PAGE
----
Google said in its latest Android security and privacy report that 0.45% of all Android devices running Google Play Protect installed potentially harmful apps (PHAs) in 2018, compared to 0.56% in 2017. This equates to a 20% year-over-year improvement. Two apps outside of this category are versions of a popular video player that mines cryptocurrency in the background without user consent. Mobile devices have been damaged by cryptocurrency mining in the past, so Google flags these apps as PHAs.
In India, by far the biggest Android market, 0.65% of all Android devices were affected by PHAs in 2018, there was a 35% drop from the previous year. For the first time, India didn’t have the highest device rate of PHAs among the top Android markets.
- Most PHAs in India were Trojans, backdoors or hostile downloaders that downloaded more PHAs onto devices. These apps were introduced to users through supply chain attacks either in the form of pre-installed apps on new devices or OTA updates handled by untrustworthy OTA companies.
- Pre-installed apps from the EagerFonts, Snowfox, and Chamois families were the most common.
Of the devices that exclusively used Google Play to download apps globally, only 0.08% had one or more PHAs installed in 2018, the same as in 2017. In contrast, 0.68% of devices that installed apps from outside Google Play were affected by one or more PHAs in 2018. While this number is 8 times higher than devices that exclusively used Google Play, it’s an improvement from 0.80% in 2017.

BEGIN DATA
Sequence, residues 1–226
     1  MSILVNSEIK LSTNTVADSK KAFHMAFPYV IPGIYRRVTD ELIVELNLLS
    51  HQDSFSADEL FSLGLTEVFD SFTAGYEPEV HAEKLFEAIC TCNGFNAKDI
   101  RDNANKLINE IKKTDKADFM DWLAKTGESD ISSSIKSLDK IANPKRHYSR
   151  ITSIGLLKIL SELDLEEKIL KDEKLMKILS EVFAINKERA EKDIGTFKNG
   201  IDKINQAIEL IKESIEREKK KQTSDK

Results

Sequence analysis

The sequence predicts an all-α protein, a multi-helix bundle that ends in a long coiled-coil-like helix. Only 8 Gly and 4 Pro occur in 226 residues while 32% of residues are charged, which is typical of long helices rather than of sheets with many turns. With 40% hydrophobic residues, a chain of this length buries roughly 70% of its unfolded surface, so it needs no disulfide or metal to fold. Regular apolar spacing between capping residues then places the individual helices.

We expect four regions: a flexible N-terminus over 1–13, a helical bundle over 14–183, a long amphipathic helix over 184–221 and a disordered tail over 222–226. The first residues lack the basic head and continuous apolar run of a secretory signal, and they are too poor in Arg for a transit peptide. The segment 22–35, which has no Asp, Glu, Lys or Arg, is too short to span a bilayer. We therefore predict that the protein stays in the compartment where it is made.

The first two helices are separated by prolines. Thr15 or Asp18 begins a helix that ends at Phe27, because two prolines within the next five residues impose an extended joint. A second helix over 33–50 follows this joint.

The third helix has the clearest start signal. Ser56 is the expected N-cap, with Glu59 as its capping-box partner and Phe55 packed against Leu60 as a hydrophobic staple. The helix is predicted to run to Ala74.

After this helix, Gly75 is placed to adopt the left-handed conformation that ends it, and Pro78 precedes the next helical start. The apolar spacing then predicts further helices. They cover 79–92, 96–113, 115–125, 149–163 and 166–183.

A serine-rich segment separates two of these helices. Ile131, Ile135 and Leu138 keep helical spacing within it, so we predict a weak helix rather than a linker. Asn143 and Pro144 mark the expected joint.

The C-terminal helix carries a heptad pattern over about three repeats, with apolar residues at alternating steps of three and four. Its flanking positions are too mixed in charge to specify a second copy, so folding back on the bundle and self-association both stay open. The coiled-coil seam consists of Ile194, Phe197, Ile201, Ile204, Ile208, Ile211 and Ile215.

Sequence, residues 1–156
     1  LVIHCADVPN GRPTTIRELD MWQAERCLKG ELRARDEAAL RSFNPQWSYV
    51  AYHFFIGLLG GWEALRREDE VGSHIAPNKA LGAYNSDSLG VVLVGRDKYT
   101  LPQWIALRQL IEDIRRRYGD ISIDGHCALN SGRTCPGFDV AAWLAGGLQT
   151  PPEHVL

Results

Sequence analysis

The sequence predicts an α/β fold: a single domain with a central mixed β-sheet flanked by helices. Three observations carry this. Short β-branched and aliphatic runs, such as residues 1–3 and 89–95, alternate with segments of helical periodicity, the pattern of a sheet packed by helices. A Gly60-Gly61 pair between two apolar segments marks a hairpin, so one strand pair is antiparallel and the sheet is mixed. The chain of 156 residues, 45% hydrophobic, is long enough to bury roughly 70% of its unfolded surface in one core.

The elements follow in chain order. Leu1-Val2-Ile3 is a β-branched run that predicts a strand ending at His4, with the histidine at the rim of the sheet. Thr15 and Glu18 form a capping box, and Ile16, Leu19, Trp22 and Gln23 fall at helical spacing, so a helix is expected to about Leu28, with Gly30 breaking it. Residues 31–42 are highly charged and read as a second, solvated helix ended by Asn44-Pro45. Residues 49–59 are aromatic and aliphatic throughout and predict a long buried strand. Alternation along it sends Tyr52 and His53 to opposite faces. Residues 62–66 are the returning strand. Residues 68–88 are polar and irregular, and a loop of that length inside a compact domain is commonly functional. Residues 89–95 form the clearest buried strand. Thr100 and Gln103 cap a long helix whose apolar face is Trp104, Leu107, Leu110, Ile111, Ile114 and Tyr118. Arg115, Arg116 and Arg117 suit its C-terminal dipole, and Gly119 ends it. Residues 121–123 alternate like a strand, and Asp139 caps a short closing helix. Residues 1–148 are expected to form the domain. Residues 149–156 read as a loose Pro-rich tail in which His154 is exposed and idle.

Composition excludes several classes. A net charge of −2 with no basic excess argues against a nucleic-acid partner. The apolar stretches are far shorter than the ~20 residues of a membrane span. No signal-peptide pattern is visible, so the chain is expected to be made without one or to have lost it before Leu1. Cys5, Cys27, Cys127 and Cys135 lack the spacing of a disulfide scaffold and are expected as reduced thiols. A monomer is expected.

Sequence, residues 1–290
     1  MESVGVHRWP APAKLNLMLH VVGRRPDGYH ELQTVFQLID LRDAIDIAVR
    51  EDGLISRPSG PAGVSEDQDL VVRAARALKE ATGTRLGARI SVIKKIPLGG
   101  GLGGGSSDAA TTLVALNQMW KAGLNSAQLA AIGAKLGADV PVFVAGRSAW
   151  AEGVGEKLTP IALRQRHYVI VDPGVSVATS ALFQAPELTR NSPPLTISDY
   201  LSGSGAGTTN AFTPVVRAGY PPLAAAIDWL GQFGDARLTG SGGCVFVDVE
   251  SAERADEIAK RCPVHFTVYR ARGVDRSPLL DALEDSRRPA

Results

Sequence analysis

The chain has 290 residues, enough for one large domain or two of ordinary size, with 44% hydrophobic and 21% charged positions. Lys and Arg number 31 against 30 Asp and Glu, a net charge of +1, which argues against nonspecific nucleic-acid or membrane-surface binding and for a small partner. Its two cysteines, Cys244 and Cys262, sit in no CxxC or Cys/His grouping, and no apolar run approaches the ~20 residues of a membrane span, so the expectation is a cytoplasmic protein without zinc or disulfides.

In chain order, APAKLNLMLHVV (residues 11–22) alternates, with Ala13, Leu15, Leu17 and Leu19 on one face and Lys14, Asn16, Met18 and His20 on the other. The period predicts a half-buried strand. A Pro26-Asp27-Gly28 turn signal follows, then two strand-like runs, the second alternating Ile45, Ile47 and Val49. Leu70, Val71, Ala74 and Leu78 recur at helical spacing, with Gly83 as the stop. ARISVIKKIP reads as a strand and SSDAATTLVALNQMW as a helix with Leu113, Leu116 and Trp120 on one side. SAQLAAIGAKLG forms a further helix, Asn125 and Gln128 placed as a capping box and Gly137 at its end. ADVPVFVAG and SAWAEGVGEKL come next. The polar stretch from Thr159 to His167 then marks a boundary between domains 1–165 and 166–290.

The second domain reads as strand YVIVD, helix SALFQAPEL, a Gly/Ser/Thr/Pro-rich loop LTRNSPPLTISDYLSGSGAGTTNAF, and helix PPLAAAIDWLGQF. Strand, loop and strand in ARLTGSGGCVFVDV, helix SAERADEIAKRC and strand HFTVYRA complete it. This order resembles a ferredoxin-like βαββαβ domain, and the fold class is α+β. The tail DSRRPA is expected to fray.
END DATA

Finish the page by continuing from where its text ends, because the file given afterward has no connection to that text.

The report also said that 0.04% of all downloads from the Google Play Store in 2018 were PHAs, up from 0.02% in 2017. However, Google said this was because it had changed its methodology in 2018 by upgrading click fraud from a policy violation to a PHA, and that the “overall health of the Android ecosystem” had improved. Click fraud apps simulate clicks on advertisements without user consent. “If we remove the numbers for click fraud from these stats, the data shows that PHAs on Google Play declined by 31% year-over-year,” the report read. In contrast, 0.92% of apps installs from sources other than Google Play in 2018 were ‘potentially harmful’, compared to 1.48% in 2017. However, these numbers don’t include pre-installed apps.
Other highlights from the report
0.65% of Android devices running Lollipop had PHAs in 2018, compared to 0.55% for Marshmallow, 0.29% for Nougat, 0.19% for Oreo, and 0.18% for Pie.
In 2018, there were two notable changes to the Android threat landscape: an increase in pre-installed PHAs and backdoored SDKs (software development kits).
- Preinstalled PHAs: Malicious actors increased their efforts to embed PHAs into the supply chain through two main entry points: new devices sold with pre-installed PHAs and over the air updates that bundle legitimate system updates with PHAs.
- SDKs: Malicious code can be included in legitimate SDKs in various ways. Hundreds of apps were affected by backdoored code.
Of the five largest Android markets, three (India, Indonesia, Brazil) became cleaner year-over-year, one (Russia) stayed at the same level, and for one (USA) the numbers went up.
Top PHAs on Google Play in 2018
Apart from click fraud (newly included as a PHA), Trojans and backdoors, the install rates of all types of PHAs fell from 2017 to 2018.
Click fraud in Google Play
- Click fraud installs accounted for 0.023% of all installs on Google Play during 2018.
- Many of these came bundled with flashlight, music player or game apps as users tend to keep these daily and keep them installed.